API descriptions in form of an external package / Feature tests?
I think your proposal to check the presence of an API is very interesting.
You suggest to have API descriptions in form of classes in an external
package which test the presence of an API.
Contrariwise to unit tests they only look for the presence of a
classes with certain methods.
It is an external tool (i.e. not included in the core) to check the
presence or absence of an API.
These tools can focus on a certain part of the system which is of a
particular interest for an external package and be kept with that
On 7/19/15, Peter van Rooijen <[hidden email]> wrote:
> Hey all,
> Just 2 cents from a Cuis noob:
A. Increase the number of improvements
> So, I am for adopting practices that increase the number of improvements.
B. Decrease the number of deterioations
> Practices that decrease the number of deteriorations seem helpful as well.
> See below if you wonder what my point is ;-).
> 3. Maybe what will help everybody is something that prevents functionality
> from being lost, especially *unintentionally*. This can include certain
> APIs as well. So what if an author who values a certain API, could invest
> some of his own time/money, to protect that API? What if he could write a
> software component (let's say a class) that was able to detect whenever an
> image did not provide the desired API? What if he could submit that class,
> and everybody who cared about not breaking that API, could use that class
> to see if perhaps they broke it?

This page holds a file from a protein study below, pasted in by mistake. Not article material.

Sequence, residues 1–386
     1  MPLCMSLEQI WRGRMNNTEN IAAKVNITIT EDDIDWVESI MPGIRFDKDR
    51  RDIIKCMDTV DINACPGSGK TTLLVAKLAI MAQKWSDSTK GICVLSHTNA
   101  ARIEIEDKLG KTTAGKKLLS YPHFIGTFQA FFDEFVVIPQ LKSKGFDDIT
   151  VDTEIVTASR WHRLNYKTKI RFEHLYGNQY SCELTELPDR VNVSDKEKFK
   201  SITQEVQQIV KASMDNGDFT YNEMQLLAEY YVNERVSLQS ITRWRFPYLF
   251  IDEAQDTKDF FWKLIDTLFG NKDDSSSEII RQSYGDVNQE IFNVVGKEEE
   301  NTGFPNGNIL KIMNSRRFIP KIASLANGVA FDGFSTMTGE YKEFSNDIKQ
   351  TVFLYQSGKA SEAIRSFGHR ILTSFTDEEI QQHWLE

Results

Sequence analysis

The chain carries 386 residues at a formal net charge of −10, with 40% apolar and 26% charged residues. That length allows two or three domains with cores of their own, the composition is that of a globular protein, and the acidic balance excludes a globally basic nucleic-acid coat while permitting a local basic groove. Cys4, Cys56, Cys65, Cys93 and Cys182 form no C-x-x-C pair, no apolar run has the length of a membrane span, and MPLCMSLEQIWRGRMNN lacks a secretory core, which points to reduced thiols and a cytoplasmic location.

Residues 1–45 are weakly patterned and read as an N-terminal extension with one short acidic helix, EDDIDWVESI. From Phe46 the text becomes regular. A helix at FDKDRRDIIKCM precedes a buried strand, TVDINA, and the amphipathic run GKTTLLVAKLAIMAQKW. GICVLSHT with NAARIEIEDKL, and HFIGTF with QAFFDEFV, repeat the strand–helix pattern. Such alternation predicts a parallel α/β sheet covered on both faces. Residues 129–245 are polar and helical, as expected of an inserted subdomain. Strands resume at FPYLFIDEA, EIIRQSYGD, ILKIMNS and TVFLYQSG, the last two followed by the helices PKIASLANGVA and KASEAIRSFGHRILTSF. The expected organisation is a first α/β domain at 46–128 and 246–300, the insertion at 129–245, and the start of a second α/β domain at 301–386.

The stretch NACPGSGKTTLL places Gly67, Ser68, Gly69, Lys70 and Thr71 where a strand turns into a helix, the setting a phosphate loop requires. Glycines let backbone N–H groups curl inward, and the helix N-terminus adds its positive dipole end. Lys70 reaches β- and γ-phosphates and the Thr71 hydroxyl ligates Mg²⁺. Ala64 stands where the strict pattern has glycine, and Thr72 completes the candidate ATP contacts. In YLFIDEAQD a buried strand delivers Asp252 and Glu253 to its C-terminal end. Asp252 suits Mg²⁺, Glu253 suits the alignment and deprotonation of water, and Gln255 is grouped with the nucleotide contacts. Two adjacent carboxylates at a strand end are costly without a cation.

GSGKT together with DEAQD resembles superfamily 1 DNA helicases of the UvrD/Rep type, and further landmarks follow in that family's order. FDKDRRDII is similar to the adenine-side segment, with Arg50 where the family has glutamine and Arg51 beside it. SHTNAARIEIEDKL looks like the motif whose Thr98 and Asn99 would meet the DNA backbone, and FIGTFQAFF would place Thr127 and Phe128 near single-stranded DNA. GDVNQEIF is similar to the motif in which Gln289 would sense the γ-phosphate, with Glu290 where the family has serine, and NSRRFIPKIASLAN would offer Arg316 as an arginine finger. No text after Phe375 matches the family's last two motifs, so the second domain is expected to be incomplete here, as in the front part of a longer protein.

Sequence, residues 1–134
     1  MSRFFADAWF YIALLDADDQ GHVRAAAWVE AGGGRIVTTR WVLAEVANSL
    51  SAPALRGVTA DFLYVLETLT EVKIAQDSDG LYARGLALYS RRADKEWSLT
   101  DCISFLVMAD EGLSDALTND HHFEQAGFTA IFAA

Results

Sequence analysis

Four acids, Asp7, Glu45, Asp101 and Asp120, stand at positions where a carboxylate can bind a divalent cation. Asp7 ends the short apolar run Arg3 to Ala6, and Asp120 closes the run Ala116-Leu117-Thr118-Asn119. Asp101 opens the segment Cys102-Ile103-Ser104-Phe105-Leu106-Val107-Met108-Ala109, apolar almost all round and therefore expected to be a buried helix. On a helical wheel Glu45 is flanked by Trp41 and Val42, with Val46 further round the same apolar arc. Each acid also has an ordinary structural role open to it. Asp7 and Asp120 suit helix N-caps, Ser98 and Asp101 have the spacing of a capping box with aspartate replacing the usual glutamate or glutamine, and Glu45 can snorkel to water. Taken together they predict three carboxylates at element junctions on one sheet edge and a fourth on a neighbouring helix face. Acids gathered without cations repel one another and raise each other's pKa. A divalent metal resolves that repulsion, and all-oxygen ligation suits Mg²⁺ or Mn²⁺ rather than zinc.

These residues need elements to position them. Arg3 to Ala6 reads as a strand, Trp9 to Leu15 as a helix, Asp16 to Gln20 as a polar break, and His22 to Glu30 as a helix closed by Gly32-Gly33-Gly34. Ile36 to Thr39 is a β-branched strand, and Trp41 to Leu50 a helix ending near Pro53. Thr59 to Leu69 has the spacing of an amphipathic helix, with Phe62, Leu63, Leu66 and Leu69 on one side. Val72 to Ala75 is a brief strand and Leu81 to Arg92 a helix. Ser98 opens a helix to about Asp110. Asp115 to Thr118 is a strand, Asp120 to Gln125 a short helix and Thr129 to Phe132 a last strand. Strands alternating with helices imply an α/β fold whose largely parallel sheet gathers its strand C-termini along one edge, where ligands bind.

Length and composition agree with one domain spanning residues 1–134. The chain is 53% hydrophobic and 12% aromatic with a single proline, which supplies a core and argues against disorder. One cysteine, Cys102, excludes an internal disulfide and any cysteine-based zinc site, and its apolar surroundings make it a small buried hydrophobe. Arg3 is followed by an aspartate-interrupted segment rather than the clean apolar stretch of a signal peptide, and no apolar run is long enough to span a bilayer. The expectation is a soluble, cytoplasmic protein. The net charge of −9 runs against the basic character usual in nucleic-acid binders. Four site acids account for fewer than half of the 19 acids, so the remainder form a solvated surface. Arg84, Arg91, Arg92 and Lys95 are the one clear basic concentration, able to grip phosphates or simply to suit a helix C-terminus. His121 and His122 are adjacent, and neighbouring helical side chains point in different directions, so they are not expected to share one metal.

> 4. I believe the idea could be generalized to include any feature of (the
> code in) an image for which presence or absence (as may be the case) can be
> determined by such a class. Bugs could be reified as classes, and the
> presence or absence of the bug could be determined by that class. Feature
> requests could be reified as classes, and whether or not the feature had
> actually been implemented could be determined by that class.
> 5. The things I am proposing would basically be Feature Tests, and would be
> rather different from Unit Tests (which apply to a unit and which you want
> to all be green when you share your software with users of it). Feature
> Tests would apply to a system (not a unit) and simply indicate which
> features are and which features are not present in the system. Every
> "release" could then come with a) the assertion that all the Unit Tests
> passed b) a list of the Feature Tests that passed and those that did not.
> 6. I think it would be pretty cool if people sent in feature requests in
> the form of Feature Tests, instead of messages to the mailing list (or the
> request tracker). So that anybody who (wished to impress somebody and) had
> some time on their hands, could then try to implement the functionality
> that made the Feature Test pass.